The school opened in 1709 as a 'charity school', meaning it was free to attend and the students would have been from poorer families (at the time, most well-to-do children would have been educated at home). The school was originally in the bell tower of the Trinity Church, but by the time you're seeing it, it's moved across the street.
This is the only school that remained open during the British occupation of New York, possibly because it was endowed by Trinity church, which was Loyalist. (Of course, Trinity also funded King's College, which was closed and used a military hospital, but universities are known liberal hotbeds.)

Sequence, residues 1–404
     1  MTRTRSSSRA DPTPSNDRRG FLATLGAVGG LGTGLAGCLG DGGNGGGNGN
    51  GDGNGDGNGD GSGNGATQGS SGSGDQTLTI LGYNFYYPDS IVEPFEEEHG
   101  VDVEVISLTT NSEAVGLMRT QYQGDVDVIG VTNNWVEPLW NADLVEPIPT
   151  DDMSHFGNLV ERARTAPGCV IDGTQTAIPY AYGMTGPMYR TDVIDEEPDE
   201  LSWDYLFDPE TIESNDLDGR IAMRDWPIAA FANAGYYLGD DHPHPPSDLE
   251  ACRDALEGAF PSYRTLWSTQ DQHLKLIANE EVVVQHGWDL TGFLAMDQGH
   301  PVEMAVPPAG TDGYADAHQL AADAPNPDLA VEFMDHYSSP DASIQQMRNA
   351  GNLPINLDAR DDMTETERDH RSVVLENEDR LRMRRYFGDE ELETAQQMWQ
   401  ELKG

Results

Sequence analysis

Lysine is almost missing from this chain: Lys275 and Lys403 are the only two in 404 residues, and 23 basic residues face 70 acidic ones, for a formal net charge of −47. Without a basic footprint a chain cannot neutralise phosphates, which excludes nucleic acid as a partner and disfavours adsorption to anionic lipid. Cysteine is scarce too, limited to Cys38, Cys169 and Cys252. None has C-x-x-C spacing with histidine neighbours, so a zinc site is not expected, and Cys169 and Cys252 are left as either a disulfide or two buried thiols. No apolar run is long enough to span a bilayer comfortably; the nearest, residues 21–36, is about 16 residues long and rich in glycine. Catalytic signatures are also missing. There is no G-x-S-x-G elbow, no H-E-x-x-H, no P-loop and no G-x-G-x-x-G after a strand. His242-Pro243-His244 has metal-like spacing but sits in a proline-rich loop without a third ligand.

After the Revolutionary War, the government started to focus on free public education and the city eventually stopped funding church schools, preferring to fund secular ones. Trinity School became a private preparatory school, which it still is. It's prestigious, expensive, and it's been accepting students for 300 years. That's a long time... for the colonies. Of course, Eton was founded in England in 1440 - that's 20 years before Ezio was born, and around 50 years before Columbus discovered an America that Etonians would enjoy a proud tradition of looking down on for centuries to come.